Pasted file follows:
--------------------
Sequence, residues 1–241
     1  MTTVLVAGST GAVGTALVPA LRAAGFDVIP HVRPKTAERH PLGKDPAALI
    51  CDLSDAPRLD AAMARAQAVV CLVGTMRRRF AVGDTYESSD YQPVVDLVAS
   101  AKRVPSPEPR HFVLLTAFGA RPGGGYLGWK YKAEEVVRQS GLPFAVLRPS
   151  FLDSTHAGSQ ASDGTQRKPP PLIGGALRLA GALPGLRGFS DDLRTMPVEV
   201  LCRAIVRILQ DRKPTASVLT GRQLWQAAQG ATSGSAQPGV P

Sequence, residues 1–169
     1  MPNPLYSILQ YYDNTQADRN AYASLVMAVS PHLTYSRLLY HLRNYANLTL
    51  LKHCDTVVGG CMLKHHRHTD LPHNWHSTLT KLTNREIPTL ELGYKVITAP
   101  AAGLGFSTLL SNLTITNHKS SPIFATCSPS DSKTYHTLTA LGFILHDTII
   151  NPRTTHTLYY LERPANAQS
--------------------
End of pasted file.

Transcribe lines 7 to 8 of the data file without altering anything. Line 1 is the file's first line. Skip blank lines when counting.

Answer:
Sequence, residues 1–169
     1  MPNPLYSILQ YYDNTQADRN AYASLVMAVS PHLTYSRLLY HLRNYANLTL